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Cell-free synthesis of isotopically labelled peptide ligands for the functional characterization of G protein-coupled receptors

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Joedicke,  Lisa
Department of Molecular Membrane Biology, Max Planck Institute of Biophysics, Max Planck Society;

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Trenker,  Raphael
Department of Molecular Membrane Biology, Max Planck Institute of Biophysics, Max Planck Society;

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Langer,  Julian D.
Department of Molecular Membrane Biology, Max Planck Institute of Biophysics, Max Planck Society;

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Michel,  Hartmut
Department of Molecular Membrane Biology, Max Planck Institute of Biophysics, Max Planck Society;

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Preu,  Julia
Department of Molecular Membrane Biology, Max Planck Institute of Biophysics, Max Planck Society;

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Citation

Joedicke, L., Trenker, R., Langer, J. D., Michel, H., & Preu, J. (2016). Cell-free synthesis of isotopically labelled peptide ligands for the functional characterization of G protein-coupled receptors. FEBS Open Bio, 6(1), 90-102. doi:10.1002/2211-5463.12008.


Cite as: http://hdl.handle.net/11858/00-001M-0000-002D-1D27-4
Abstract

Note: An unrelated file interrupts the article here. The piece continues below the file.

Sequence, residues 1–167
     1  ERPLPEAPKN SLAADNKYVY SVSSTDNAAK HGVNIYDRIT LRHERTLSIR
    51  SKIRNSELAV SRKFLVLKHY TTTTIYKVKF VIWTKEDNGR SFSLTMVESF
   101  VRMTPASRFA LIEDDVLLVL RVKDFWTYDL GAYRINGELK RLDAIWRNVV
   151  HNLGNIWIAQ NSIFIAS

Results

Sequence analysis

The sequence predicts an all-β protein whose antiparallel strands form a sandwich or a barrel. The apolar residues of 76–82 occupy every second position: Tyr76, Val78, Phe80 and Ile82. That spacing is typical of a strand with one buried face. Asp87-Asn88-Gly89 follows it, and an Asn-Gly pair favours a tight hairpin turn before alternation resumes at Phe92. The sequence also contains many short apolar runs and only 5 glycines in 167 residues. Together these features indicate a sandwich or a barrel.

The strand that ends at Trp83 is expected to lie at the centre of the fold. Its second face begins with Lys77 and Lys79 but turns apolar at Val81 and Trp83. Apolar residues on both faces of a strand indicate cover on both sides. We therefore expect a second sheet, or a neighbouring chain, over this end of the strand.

Cell-free systems exploit the transcription and translation machinery of cells from different origins to produce proteins in a defined chemical environment. Due to its open nature, cell-free protein production is a versatile tool to introduce specific labels such as heavy isotopes, non-natural amino acids and tags into the protein while avoiding cell toxicity. In particular, radiolabelled peptides and proteins are valuable tools for the functional characterization of protein–protein interactions and for studying binding kinetics. In this study we evaluated cell-free protein production for the generation of radiolabelled ligands for G protein-coupled receptors (GPCRs). These receptors are seven-transmembrane-domain receptors activated by a plethora of extracellular stimuli including peptide ligands. Many GPCR peptide ligands contain disulphide bonds and are thus inherently difficult to produce in bacterial expression hosts or in Escherichia coli-based cell-free systems. Here, we established an adapted E. coli-based cell-free translation system for the production of disulphide bond-containing GPCR peptide ligands and specifically introduce tritium labels for detection. The bacterial oxidoreductase DsbA is used as a chaperone to favour the formation of disulphide bonds and to enhance the yield of correctly folded proteins and peptides. We demonstrate the correct folding and formation of disulphide bonds and show high-affinity ligand binding of the produced radio peptide ligands to the respective receptors. Thus, our system allows the fast, cost-effective and reliable synthesis of custom GPCR peptide ligands for functional and structural studies